Monday, November 30, 2009

Movie Mania Monday - Never trust anyone!

Congratulations to Quote Guesser Calicobebop for last week's identification of The French Connection. Some trivia for you, because I'm nerdy that way: Popeye's Chicken and Biscuits is named for Gene Hackman's character in this movie. (And now you probably have a pretty good idea of where I'll wind up for lunch.)
Maintenant, this week's contest. I know this is posted later than normal this week, but since I'm still on Pacific time, it's barely 8 a.m. to me. Remember the rules. First person to guess correctly the original source of the quote wins a prize - no movie characters quoting other movies. No Googling or asking Jeeves, either you know the quote or you don't. The prize is a Major Award and consists of the people's ovation and fame forever (and the title of Iron Quote-Guesser). Voici la quote de la semaine:

This is your receipt for your husband. And this is my receipt for your receipt.

Allez guessing!!! You all have been so good with these, I need to start making them harder.

Friday, November 27, 2009

Fun Fact Friday - The Tryptophantastic Voyage

Happy Black Friday, everyone! Still feeling it today?

Perhaps you're just finishing up a leftover turkey and stuffing sandwich after slogging through the crowds at 4 am just to get a free gift with purchase. And you know I love me some sandwiches.
Perhaps you're putting up the tree, hanging lights and nursing a sore back from falling off the slippery ladder in the rain.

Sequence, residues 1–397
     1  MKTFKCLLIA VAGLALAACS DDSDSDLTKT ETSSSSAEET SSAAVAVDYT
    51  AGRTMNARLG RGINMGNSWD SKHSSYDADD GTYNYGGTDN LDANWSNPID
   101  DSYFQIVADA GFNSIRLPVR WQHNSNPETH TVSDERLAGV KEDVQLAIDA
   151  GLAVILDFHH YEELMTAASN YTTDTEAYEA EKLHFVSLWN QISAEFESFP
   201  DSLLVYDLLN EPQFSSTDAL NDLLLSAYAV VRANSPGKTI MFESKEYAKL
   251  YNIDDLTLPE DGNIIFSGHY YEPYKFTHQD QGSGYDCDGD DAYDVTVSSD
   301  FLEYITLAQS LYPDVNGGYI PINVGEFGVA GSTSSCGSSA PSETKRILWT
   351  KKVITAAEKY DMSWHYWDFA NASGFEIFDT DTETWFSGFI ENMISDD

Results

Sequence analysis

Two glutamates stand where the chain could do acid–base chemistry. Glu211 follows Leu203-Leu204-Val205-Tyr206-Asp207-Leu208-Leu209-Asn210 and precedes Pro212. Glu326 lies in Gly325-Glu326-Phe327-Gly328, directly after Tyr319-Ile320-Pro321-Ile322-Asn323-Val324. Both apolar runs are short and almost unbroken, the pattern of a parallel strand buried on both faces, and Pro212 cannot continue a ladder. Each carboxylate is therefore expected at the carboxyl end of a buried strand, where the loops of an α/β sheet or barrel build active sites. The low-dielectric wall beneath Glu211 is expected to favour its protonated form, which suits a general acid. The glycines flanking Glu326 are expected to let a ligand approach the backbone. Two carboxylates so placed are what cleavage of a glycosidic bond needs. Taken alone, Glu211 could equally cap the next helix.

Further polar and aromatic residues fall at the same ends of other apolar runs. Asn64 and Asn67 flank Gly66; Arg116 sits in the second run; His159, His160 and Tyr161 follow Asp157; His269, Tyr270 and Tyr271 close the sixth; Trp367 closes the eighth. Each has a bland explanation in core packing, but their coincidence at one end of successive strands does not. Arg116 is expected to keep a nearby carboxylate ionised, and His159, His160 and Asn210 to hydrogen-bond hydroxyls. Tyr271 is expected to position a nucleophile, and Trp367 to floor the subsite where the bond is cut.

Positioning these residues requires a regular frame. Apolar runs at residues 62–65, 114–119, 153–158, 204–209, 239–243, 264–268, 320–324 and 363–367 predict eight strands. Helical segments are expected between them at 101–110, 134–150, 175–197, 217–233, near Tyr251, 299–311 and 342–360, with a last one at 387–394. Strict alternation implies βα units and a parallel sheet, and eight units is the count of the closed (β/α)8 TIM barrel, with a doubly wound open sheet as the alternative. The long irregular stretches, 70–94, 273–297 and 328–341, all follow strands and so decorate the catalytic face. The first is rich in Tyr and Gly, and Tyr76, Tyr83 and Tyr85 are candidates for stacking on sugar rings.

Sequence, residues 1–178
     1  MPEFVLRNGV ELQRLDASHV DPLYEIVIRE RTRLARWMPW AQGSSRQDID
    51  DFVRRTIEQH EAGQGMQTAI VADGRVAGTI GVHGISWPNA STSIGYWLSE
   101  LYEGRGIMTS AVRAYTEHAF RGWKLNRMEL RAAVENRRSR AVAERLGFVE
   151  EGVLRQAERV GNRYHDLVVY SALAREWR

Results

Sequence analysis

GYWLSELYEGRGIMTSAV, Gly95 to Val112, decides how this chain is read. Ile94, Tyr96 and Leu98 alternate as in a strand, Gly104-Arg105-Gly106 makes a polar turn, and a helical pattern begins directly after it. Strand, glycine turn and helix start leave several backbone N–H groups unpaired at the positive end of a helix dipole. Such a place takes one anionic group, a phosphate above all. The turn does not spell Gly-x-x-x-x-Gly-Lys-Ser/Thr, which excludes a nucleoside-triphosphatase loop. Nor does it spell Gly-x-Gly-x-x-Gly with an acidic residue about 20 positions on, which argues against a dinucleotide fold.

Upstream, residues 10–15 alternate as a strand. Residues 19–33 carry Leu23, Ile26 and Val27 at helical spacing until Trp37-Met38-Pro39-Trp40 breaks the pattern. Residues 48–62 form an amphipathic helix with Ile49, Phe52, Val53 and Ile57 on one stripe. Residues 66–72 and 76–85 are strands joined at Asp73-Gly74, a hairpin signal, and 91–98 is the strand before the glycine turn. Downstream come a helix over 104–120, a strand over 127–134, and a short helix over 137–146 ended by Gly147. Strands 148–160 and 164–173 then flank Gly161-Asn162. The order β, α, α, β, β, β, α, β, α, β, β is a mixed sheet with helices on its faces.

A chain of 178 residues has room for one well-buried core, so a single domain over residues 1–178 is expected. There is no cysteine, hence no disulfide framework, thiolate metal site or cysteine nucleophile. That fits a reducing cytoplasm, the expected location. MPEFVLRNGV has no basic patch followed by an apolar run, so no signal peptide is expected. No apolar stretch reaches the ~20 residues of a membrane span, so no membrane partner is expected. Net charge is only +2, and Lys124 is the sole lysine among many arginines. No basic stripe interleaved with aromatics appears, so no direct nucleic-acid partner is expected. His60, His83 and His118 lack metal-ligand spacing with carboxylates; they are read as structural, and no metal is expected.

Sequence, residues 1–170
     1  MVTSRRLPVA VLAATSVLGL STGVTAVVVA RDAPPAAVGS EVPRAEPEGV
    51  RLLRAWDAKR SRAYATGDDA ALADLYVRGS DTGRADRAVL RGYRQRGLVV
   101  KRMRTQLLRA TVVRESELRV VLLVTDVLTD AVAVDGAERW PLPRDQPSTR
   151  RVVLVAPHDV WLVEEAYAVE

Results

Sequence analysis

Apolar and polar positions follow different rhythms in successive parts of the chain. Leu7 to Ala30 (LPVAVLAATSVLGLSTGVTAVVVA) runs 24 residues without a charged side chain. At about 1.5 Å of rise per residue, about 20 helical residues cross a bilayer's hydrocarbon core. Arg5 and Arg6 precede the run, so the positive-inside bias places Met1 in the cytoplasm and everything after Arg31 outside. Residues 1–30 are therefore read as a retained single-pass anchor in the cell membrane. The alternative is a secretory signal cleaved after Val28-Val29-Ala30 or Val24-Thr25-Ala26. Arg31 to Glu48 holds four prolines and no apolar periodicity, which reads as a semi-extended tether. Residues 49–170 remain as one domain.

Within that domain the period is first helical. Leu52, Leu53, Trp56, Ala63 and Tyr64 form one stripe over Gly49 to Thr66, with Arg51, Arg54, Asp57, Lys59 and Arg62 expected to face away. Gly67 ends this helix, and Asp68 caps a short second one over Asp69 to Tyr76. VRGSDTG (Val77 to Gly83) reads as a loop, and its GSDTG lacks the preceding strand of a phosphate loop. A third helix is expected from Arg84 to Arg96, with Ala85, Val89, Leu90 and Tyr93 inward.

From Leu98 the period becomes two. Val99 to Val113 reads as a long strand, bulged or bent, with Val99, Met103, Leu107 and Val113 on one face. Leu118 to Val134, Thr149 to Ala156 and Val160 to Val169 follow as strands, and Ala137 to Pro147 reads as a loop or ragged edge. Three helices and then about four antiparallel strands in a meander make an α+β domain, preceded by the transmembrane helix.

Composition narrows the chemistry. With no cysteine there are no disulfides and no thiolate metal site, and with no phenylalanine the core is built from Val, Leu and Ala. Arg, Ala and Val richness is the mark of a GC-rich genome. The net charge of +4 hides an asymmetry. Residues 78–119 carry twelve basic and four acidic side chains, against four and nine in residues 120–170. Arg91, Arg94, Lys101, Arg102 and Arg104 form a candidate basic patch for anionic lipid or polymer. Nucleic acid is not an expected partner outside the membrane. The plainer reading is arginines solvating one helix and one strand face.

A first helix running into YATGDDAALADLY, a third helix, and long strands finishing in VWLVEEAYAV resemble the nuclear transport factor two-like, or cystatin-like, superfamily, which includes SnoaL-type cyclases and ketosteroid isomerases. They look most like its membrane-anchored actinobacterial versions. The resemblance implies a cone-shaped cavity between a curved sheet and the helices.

Maybe you're an unfortunate soul who has to shovel today.

Maybe you're even at work. In the past, I would retreat to the office, since it was the one place I knew nobody would be on the day after Thanksgiving.

Whatever your post-Thanksgiving ritual, I just wanted everyone to remember that the turkey isn't to blame for your sluggish demeanor, that nap you took on the sofa next to Uncle Ed, and your lack of desire to move one inch today.

Tryptophan, though long blamed as the culprit of our blessed drowsiness, is present in many day-to-day foods and doesn't have that much affect on us. The issue here is quantity.

Somehow, no matter how much we try, it's very easy to eat a pound of turkey, maybe some ham, a few helpings of mashed potatoes, three of Aunt Ruth's rolls with butter, and of course you need to sample all of the desserts and go back later for more turkey. And there's always room for Jell-O. And more pie. Bears don't eat this much before they hibernate. Your body is trying so hard to digest those 7000 calories, there's little bloodflow left for anything else.
But that's a long, drawn out excuse. No wonder tryptophan gets a bad rap. It's just easier to pass the blame, especially when we're all this tired.
Enjoy the rest of your hopefully long weekend, I'll be back Monday!

Thursday, November 26, 2009

Random Acts of Thursday - Happy Thanksgiving